Trust in the validity of models made in isolation by Earth and life scientists had a malign effect on their understanding of the Earth and on the acceptance of Gaia theory. This was because life scientists failed to include a dynamically responsive environment and Earth scientists failed to include organisms that evolved and responded dynamically to environmental change. There was a fundamental and less excusable reason for their reluctance to engage in transdisciplinary modeling. The mathematics of dynamic self-regulating systems frequently involves differential equations that are difficult or impossible to solve by traditional methods. It is too easy to slip into the practice of making what are called “linearizing approximations,” and then forget their presence as the model evolves.

    Scientists of these separated disciplines should have realized that they were on the wrong track when quite independently the geophysicist Edward Lorenz, in 1961, and the neo-Darwinist biologist Robert May, in 1973, made the remarkable discovery that deterministic chaos was an inherent part of the computer models they researched. Deterministic chaos is not an oxymoron, however much it may seem like one. Up until Lorenz and May started using computers to solve systems rich in difficult equations almost all science clung to the comforting idea put forward in 1814 by the French mathematician Pierre-Simon Laplace that the universe was deterministic and if the precise location and momentum of every particle in the universe were known, then by using Newton’s laws we could reveal the entire course of cosmic events, past, present, and future. The first indication that this was too good to be true came in 1890 when Henri Poincaré studied the interaction of three bodies held together by gravity while orbiting in space; he found that the behavior of the system was wholly unpredictable. This was a serious flaw in the concept of determinism, but it was not until 1961 that Lorenz used an early computer to demonstrate the chaotic behavior of weather and found it to be wholly unpredictable beyond about a week. He was the originator of the “butterfly effect”—the idea that the small eddy made by the flapping of a butterfly’s wings could initiate much later a hurricane; he showed that this was because weather systems are highly sensitive to the initial conditions of their origin. May found that computer models of population growth showed similar chaotic behavior, especially in biological systems containing more than two species; these discoveries stirred great interest among mathematicians and scientists in the nature of deterministic chaos. Practical applications in communications and to new art forms have emerged, for example those stunning illustrations of fractal mathematics such as the Mandelbrot set. It was so human and apparently understandable that neither of these eminent scientists made much of the fact that the appearance of chaos suggested that something might be wrong with their hypotheses about the world. Lorenz and May were both looking at the Earth system from within separated scientific disciplines that took cause-and-effect determinism for granted. Yet if instead we look at weather and population growth as a single tightly coupled system we find it is wholly free of deterministic chaos. More than this, the combined model is resilient to perturbation and makes credible predictions. This is why I persist with my pleas to IPCC scientists to include in their models the Earth’s ecosystems in a similarly tightly coupled, responsive way.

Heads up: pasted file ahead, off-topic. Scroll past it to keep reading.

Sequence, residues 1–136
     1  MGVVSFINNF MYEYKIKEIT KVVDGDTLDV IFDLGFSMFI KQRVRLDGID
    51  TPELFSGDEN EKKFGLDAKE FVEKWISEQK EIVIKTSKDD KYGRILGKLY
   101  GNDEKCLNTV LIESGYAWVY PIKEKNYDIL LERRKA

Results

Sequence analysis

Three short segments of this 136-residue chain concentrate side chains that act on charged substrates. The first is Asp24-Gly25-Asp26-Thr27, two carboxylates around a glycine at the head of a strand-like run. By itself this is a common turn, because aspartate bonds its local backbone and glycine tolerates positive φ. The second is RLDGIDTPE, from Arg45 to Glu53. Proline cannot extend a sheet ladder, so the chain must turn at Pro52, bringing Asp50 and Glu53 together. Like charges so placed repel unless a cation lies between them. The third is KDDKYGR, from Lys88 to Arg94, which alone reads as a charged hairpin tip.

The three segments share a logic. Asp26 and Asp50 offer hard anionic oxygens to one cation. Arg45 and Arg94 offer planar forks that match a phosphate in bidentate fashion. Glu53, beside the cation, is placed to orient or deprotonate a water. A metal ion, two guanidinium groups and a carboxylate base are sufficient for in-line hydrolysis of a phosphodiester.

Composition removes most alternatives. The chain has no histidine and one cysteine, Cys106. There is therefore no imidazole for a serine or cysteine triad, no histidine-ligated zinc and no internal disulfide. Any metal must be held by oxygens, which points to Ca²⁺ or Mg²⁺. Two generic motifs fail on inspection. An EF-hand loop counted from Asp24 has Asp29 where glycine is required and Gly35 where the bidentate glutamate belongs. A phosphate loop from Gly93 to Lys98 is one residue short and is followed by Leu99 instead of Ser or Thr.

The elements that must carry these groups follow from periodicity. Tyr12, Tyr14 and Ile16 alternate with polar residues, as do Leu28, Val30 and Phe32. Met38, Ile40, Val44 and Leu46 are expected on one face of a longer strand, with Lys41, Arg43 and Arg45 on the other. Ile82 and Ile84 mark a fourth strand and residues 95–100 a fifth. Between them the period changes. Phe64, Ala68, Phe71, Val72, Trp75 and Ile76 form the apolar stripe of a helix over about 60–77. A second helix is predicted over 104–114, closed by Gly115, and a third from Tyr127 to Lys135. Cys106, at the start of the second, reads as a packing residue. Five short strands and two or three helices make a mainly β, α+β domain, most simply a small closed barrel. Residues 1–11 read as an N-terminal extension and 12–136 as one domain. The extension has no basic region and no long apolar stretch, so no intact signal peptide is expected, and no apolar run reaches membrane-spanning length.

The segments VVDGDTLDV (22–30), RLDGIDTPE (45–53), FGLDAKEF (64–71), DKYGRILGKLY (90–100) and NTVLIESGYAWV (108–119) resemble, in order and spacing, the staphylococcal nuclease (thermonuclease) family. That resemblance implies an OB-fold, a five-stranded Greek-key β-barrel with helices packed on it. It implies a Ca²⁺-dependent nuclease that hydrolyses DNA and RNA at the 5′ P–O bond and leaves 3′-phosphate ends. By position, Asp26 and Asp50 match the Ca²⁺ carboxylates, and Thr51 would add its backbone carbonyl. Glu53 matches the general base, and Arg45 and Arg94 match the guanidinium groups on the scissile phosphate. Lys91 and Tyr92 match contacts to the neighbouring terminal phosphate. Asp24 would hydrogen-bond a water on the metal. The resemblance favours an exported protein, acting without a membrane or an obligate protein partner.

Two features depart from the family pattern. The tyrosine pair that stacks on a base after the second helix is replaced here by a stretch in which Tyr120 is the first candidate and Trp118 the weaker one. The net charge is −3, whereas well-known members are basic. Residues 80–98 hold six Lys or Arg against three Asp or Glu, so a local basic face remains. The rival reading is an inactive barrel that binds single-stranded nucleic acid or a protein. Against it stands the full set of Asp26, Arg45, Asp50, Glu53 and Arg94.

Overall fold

In no way do I imply that either Lorenz or May had blundered into chaos. They were the best of scientists and came upon chaos serendipitously; they had the wisdom to see it as a truly great discovery in itself and one that has enlarged both art and science.

    Excerpted from The Vanishing Face of Gaia by James Lovelock. Copyright © James Lovelock, 2010. All rights reserved.

    James Lovelock is undoubtedly one of the most outstanding and influential scientist-thinkers of our time, inventive, unorthodox, ingenious and a latter day Darwin. His establishment-science career reads like an honour role, and is reflected by his knighthood in 2002. Lovelock’s many inventions include the electron capture detector (ecd), which has been of major significance in increasing our knowledge of the environment. The ecd was also instrumental in the discovery of global pollution by fluoro-carbons, critical to both global warming and the hole in the ozone layer.